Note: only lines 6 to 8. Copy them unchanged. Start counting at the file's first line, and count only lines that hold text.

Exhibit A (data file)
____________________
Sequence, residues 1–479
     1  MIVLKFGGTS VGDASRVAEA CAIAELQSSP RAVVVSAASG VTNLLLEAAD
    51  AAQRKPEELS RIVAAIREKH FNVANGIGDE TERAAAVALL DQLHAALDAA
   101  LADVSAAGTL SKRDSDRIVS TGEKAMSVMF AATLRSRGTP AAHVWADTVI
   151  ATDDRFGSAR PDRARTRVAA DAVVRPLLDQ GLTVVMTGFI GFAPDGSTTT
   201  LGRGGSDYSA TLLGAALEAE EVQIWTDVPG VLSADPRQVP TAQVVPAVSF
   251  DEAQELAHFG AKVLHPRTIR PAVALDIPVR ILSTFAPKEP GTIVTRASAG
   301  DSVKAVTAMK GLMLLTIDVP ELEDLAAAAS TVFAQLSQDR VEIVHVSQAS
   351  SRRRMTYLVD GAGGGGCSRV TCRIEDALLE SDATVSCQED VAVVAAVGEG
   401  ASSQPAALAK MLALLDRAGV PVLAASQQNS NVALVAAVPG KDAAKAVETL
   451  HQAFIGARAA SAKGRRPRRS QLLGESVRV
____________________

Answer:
   201  LGRGGSDYSA TLLGAALEAE EVQIWTDVPG VLSADPRQVP TAQVVPAVSF
   251  DEAQELAHFG AKVLHPRTIR PAVALDIPVR ILSTFAPKEP GTIVTRASAG
   301  DSVKAVTAMK GLMLLTIDVP ELEDLAAAAS TVFAQLSQDR VEIVHVSQAS